## 1. Introduction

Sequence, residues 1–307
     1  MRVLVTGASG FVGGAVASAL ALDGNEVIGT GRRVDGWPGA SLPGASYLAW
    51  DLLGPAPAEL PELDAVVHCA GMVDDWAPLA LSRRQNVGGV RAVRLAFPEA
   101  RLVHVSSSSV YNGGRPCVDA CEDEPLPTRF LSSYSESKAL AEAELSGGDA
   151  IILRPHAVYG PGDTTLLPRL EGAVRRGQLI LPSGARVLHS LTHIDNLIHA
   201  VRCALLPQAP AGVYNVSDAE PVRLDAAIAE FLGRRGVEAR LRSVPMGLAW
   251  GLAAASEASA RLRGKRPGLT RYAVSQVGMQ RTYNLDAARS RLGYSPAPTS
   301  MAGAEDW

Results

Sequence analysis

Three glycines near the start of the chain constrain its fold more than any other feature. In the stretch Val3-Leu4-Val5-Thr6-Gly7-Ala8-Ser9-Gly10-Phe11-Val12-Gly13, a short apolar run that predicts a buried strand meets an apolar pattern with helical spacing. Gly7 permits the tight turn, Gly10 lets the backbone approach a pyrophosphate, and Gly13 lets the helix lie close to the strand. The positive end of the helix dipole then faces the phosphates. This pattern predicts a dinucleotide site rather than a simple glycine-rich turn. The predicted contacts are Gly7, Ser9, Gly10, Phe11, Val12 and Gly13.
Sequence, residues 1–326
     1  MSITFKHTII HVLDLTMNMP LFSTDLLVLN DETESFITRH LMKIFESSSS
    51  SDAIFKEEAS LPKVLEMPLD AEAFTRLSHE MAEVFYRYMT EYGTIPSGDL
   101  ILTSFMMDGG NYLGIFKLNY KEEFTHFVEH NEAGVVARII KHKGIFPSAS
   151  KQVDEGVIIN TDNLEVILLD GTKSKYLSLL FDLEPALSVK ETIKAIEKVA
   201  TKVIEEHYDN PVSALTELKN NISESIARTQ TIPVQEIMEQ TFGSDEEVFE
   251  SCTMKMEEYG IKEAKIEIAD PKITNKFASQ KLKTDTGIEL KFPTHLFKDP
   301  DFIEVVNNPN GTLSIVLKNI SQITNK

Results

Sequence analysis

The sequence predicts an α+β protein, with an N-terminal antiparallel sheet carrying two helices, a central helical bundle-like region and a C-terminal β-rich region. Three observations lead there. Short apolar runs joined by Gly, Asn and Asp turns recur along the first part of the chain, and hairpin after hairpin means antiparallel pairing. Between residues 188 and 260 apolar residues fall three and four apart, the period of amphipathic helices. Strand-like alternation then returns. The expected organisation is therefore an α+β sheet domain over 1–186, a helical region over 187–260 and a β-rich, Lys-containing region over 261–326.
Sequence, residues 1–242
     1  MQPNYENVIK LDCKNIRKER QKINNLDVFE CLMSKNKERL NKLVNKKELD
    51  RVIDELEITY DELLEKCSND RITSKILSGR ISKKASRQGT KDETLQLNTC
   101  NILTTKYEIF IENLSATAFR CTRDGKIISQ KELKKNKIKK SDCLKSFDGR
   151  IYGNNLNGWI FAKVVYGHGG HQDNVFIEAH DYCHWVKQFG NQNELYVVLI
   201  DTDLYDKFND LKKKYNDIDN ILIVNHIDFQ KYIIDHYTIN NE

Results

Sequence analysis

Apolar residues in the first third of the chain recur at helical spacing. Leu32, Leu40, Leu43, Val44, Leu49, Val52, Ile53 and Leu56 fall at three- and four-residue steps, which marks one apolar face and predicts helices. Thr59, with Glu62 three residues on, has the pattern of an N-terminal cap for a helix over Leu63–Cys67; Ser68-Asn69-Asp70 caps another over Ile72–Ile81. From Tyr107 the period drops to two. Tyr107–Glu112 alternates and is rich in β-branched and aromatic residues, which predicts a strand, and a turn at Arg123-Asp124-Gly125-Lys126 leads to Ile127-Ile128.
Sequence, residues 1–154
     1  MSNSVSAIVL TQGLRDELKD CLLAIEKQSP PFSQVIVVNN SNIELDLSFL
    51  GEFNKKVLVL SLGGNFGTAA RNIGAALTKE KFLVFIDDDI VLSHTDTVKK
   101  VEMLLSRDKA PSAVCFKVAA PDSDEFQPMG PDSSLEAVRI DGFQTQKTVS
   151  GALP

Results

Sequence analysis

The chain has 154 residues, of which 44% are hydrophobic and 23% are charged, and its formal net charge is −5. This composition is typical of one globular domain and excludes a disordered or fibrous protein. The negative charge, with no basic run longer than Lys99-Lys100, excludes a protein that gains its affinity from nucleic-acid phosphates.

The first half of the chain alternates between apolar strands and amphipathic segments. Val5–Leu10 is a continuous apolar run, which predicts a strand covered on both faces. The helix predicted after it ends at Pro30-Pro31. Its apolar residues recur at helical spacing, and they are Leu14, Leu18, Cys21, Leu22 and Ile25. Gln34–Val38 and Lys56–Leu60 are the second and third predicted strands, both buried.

For decades, the term reserve capacity has been utilized for optimizing traffic signal timings as an objective. As known, it has been usually applied to signalized intersections and is defined as demand multiplier for existing origin-destination (O-D) demand matrix by considering cycle time, saturation capacity, green timings, and other corresponding constraints. Up to now, many researchers have carried out several works on this concept. The concept of reserve capacity was firstly applied by Webster and Cobbe [1]. They used the explicit formulation and calculated the reserve capacity of a signalized junction. Afterward, Allsop [2] formulated a linear program to calculate it for more complex signalized intersections. This approach proposed by Allsop [2] has been improved by using different saturation flows between stages by Yagar [3, 4]. Wong [5] used the reserve capacity model to investigate the priority junctions and roundabouts. Wong and Yang [6] enhanced the reserve capacity model to a signalized road network with user equilibrium assignment. In their study, it was investigated that how the existing O-D demand matrix may be enlarged by providing that the link flows are operated under their capacities. Ziyou and Yifan [7] used two different objectives such as the reserve capacity and the link capacity expansion. For this purpose, they developed multiobjective solution algorithm, which aims to maximize the reserve capacity and to minimize the investment costs of link capacity expansions by considering signal timings. Ge et al. [8] provided a new approach to investigate how the reserve capacity is influenced by information of the road users. Results emphasized that the increase on the reserve capacity is not affected subsequently with the increase in information of the road users. Ceylan and Bell [9] developed a novel approach to calculate reserve capacity of a signalized network. In their study, optimum values of offsets, common cycle time, and the green times are investigated using genetic algorithm by taking into account stochastic user equilibrium link flows. Chen et al. [10] defined a new index related to capacity and reliability to determine demand multiplier for a signalized road network. The reserve capacity model is improved by considering the new developed index using a bilevel programming (BP) model. Chiou [11] proposed a new approach to find the demand multiplier in the context of reserve capacity with equilibrium constraints. Miandoabchi and Farahani [12] proposed an integrated model, which combined the problem of arrangement of lane directions and lane additions in urban road networks in terms of the reserve capacity. Chiou [13] developed a bilevel programming model to maximize the network’s capacity. A hybrid-search heuristic method has been used to obtain maximum capacity of the road network by minimizing the total delay in terms of signal timings. The method has been applied to signalized road test networks. The results show that the developed algorithm outperforms the classical methods in terms of minimizing the delay. Wang et al. [14] proposed two bilevel programming models: one aims to maximize the reserve capacity in the network by using stochastic user equilibrium link flows, whereas the other one deals with maximizing reserve capacity by considering continuous network design problem. The significant result of their work is that the reserve capacity cannot always be increased by informing of the road users in the network. Xiao et al. [15] developed a reserve capacity model based on zone level to obtain maximum increase in travel demand and to investigate how the use of maximum capacity in the network influences the land-use development. For this purpose, the genetic algorithm has been used to solve the bilevel programming model and the proposed model is applied to a small numerical test network. The results reveal that the proposed reserve capacity model can be used for land-use planning in urban road networks. Recently, Han and Cheng [16] aimed to maximize the reserve capacity with a tradable credit scheme in the context of the stochastic user equilibrium. Numerical examples showed the advantage of the use of tradable credit scheme in maximizing reserve capacity in a given road network.